The Hidden Mine - Cover

The Hidden Mine

Copyright© 2023 by Joseph A. Altsheler

Chapter 12: Another Sign

Halftrigger’s men were as hardened a set as ever I saw, but O’Leary’s death had a depressing effect upon them. The complaints and and the oaths and the unseemly jokes and the horseplay ceased for a while. They plodded along in sullen silence. But even their leader showed his bitter disappointment at finding nothing that answered Pedro’s description of the country surrounding the hidden mine.

“What ef that feller wuz lyin’ after all!” he said. “S’pose that gold o’ his wuz jest a ghost story. Ef ‘twas, then the bullet I sent into his cowardly carcass wuz the best job I ever did in my life, an’ I’ve finished up some jobs purty clean in my time.”

“You have seen some strange adventures in distant seas, I suppose?” I asked, for I always had much curiosity concerning this man.

“Wa’al, rayther,” he said, his face glowing with evil pride. “I wuz never no slouch at takin’ advantage o’ opportunities, and the South Seas are wide and free.”

“I should think the narration of some of them would be extremely interesting,” I suggested.

“Not much, sonny,” returned Halftrigger. “I don’t think there’s much danger o’ you tellin’ tales out o’ school, but I’ve got suthin else to do on this cruise besides spinnin’ yarns.”

Shortly after this we came to a spot which Halftrigger selected as the camp for the night. It was in a small grove in a wide valley. The valley was clear of undergrowth, and no enemy could approach without attracting the observation of a sentinel who was not unusually dull.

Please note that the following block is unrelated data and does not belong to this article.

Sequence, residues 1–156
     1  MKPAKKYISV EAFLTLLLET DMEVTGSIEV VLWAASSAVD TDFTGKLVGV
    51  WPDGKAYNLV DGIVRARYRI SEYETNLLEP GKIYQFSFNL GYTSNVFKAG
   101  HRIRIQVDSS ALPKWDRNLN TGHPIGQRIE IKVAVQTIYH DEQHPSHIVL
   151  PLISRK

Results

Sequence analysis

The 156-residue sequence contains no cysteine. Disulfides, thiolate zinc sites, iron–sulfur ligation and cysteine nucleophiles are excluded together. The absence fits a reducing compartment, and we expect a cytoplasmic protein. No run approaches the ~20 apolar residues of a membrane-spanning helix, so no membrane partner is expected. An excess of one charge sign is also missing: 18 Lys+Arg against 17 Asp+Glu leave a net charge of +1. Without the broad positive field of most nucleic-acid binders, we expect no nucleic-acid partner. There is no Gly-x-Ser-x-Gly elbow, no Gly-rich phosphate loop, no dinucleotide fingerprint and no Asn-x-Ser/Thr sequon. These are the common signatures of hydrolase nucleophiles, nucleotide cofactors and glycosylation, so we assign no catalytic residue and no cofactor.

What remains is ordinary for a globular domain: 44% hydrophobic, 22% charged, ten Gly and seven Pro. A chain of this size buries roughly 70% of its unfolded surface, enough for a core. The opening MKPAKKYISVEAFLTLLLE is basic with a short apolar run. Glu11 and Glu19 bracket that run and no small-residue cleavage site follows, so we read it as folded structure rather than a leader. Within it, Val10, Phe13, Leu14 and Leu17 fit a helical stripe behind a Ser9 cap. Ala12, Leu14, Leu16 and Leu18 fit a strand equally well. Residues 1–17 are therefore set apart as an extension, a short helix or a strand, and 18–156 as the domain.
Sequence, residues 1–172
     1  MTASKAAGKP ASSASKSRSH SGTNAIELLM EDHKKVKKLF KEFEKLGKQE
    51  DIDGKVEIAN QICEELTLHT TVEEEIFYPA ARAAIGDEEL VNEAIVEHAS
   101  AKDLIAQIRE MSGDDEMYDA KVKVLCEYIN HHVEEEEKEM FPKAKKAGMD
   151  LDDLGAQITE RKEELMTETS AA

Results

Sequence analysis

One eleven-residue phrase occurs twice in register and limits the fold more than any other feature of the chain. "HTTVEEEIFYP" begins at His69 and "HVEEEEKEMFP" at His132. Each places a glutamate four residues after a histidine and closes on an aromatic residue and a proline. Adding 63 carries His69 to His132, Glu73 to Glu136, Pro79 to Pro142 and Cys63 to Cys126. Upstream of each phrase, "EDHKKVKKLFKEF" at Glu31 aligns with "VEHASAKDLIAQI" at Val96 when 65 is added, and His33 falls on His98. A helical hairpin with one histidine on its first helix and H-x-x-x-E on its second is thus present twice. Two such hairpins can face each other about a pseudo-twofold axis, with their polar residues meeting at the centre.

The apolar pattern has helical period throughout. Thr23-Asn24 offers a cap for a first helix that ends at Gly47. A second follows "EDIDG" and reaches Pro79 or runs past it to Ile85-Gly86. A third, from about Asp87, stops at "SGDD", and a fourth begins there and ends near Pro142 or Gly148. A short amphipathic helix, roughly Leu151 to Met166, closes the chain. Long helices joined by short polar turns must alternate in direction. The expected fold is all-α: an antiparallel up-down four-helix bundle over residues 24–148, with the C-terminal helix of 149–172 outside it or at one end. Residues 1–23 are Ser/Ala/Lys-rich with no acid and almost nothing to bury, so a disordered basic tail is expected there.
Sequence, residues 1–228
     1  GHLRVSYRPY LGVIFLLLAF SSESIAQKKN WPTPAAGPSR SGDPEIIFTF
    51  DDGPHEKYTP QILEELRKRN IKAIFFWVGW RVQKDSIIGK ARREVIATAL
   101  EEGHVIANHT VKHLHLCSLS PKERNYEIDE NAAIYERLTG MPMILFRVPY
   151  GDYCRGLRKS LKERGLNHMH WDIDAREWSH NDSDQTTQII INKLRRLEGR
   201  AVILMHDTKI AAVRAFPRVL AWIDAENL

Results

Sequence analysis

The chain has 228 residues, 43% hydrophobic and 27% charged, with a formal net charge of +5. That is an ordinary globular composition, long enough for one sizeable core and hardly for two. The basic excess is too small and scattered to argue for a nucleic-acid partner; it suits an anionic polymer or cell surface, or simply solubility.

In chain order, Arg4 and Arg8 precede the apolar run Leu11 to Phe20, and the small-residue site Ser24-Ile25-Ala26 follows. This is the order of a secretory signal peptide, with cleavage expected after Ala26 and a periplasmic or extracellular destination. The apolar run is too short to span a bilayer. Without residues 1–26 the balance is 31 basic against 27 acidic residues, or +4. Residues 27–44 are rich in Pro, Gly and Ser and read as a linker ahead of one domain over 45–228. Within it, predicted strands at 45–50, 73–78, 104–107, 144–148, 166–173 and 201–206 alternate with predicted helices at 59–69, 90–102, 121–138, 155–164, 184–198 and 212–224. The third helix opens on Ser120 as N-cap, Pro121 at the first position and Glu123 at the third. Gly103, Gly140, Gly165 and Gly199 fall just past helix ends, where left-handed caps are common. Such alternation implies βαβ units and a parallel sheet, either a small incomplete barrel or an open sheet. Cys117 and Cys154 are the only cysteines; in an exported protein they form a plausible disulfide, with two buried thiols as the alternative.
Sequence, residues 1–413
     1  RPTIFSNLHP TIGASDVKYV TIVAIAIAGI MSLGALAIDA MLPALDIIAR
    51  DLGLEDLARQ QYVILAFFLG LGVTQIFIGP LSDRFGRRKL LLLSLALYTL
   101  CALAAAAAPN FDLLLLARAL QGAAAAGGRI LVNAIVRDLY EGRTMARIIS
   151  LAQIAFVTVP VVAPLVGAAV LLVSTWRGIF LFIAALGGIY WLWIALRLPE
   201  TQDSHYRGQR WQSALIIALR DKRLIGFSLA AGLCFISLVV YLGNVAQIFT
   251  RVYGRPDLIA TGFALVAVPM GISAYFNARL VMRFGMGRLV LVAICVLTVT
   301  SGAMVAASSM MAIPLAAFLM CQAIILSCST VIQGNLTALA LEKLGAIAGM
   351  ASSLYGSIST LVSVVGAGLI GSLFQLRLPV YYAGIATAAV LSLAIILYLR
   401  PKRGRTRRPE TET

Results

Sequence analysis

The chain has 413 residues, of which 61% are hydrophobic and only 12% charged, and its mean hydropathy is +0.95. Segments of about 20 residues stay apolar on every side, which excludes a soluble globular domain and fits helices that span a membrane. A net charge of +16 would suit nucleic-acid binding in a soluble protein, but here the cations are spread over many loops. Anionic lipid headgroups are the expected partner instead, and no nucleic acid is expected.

The river at this point was too deep for fording, and as the grove grew upon its edge, we camped beside the water. Halftrigger made dispositions similar to those of the preceding night. He stationed two sentinels, and the others scattered themselves about on the grass as they chose. My hands were bound again, and another cord passed around my waist was tied to a stout sapling.

“Thar’s enough o’ rope thar,” said Halftrigger, “to let you roll over in the river, but you won’t float off as O’Leary did. But you’ll drown jest as purtily.”

After these pleasant remarks Halftrigger stretched his mighty length upon the ground and went to sleep. The others were quick in following him to the land of Nod, for the day’s arduous journey had tired them.

As before, I was slow to feel drowsiness. My alarming situation was not conducive to sleep, and now that night had come I expected another sign from Pike. My knowledge of his persistent character and skill in the wilderness, and what I had seen the night before, had given life in my brain to this idea. In the day I had laughed at myself and tried to get rid of the notion, but it would stick. I had told myself that the four lights of the night before were a mere phantasy, the figment of an imagination distorted by my surroundings and anxiety. But as the darkness came on again my reasoning powers were unable to cope with my anticipations. Imagination ruled me, and in spite of myself I looked forward with confidence to what calm thought would have told me I had no right to expect.

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